VI.4 Condominiums and Billing BBLs
Condominiums are a class of properties with unique characteristics. A condominium consists of condominium units, each of which constitutes a separate tax lot that has its own BBL. In a residential condominium, the condominium units are generally the individual apartments. In a commercial condominium, the units might be retail shops or blocks of space in an office building. There are also mixed-use condominiums that have both commercial and residential units. A condominium can encompass all or part of a building or more than one building, possibly on more than one tax block.
The individual units in a condominium (but not the condominium itself) are parcels of real property. For example, title to an individual unit can be conveyed via a deed; unit owners are responsible for paying real estate taxes directly to the city; and liens can be placed against units.
Many municipal operations relate to condominiums as a whole rather than to specific condominium units. Examples are collecting sanitation fines, issuing code violations and inspecting and licensing building-wide systems such as boilers and elevators.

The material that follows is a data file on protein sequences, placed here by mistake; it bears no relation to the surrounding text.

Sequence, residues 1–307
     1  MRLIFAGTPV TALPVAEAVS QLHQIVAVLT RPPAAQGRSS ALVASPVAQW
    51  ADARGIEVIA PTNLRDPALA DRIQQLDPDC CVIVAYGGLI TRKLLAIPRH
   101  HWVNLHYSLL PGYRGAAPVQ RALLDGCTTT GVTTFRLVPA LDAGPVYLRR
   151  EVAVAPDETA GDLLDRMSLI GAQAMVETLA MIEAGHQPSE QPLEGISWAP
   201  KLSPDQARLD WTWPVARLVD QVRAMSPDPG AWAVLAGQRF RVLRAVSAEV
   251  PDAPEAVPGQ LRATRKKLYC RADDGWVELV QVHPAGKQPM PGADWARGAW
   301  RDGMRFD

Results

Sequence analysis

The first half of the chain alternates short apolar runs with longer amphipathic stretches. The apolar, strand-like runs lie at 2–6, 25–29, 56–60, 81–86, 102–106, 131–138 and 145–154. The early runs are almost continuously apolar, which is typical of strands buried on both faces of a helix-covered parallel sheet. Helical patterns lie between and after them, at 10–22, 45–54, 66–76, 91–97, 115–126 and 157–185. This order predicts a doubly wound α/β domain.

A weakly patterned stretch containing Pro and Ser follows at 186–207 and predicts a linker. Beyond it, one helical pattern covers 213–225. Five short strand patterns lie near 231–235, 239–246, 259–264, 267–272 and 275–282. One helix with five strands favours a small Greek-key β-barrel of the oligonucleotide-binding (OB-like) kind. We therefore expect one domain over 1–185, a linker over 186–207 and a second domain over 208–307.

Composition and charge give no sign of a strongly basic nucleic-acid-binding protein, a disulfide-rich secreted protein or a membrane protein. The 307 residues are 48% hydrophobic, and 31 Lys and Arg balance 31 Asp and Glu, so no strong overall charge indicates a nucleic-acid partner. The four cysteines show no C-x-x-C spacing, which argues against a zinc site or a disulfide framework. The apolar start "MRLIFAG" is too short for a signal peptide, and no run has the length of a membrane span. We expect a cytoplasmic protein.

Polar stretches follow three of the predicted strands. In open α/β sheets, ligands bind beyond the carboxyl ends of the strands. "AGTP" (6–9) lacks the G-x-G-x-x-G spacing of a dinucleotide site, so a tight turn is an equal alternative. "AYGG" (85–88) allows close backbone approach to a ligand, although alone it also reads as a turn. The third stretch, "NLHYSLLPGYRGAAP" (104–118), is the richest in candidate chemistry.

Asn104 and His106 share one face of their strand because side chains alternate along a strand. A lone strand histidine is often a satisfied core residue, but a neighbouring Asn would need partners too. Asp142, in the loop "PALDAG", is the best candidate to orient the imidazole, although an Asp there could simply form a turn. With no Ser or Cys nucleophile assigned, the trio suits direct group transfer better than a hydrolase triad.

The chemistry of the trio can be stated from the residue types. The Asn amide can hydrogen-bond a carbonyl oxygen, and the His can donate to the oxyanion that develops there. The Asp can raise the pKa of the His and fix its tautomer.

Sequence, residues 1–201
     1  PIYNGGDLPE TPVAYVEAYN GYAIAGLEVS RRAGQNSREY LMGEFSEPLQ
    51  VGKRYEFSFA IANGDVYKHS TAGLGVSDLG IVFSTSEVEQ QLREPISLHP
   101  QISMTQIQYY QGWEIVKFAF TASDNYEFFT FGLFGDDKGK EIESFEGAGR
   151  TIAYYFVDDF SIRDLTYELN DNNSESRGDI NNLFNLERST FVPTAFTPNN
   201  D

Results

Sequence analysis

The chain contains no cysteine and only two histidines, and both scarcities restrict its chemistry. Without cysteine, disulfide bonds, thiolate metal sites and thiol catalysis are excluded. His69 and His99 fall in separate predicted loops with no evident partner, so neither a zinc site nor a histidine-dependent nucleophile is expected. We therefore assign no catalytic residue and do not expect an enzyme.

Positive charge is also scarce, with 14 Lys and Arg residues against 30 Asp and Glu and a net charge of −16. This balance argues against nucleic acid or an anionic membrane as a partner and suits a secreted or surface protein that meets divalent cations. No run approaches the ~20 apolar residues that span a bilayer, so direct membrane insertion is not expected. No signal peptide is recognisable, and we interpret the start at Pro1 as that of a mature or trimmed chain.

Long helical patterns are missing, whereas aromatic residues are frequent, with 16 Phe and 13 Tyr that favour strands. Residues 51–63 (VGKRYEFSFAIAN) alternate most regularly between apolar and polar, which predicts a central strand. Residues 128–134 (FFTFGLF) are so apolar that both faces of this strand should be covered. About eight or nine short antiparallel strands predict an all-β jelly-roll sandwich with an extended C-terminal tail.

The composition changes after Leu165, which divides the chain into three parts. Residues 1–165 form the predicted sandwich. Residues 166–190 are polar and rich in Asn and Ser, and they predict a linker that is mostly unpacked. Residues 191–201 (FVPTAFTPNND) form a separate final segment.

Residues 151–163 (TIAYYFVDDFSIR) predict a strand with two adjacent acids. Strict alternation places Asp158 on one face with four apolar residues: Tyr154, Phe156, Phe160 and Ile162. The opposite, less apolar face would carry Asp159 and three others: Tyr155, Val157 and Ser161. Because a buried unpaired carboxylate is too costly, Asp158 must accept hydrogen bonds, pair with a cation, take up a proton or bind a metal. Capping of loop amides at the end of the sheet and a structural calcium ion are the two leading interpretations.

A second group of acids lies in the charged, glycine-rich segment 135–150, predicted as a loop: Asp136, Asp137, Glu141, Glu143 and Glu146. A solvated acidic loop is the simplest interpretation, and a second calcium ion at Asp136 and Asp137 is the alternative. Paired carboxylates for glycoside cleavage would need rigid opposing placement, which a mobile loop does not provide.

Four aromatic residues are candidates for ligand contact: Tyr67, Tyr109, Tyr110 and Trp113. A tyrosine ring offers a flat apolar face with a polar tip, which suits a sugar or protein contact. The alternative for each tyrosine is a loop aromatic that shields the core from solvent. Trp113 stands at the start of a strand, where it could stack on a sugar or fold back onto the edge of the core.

To distinguish condominiums from their constituent units, DOF has assigned to each condominium a set of special tax lot identifiers called the billing BBL. (Condominiums are also identified by a Condominium Identification Number, also assigned by DOF.) If a condominium occupies land on more than one tax block, DOF assigns a billing BBL to each portion of the condominium on a separate tax block. Function BL accepts billing BBLs as valid input data, and Functions 1A and BN return them as output data.
DOF assigns billing BBLs only to condominiums, not to condominium units or non-condominium properties. Billing BBLs do not represent actual tax lots, and are not lienable. However, billing BBLs do provide a mechanism to obtain the name and address of a more appropriate party than a unit owner to communicate with concerning condominium-wide matters. DOF maintains files keyed to BBL which, for conventional BBLs, contain the names and addresses of parties registered to receive bills for real property taxes, often the property owner, but possibly a property manager, attorney or mortgagee. For a condominium billing BBL, the party listed might be an officer of the condominium, a property manager or an attorney. (Note: Geosupport does not provide direct access to DOF’s files; to arrange such access, contact DOF.) In some instances there may be a condominium that has not yet been assigned a Billing BBL by DOF (or the Billing BBL was not yet available when the Geosupport files were generated); in these cases the BBL that is returned by Geosupport is set to zero and a warning message is issued.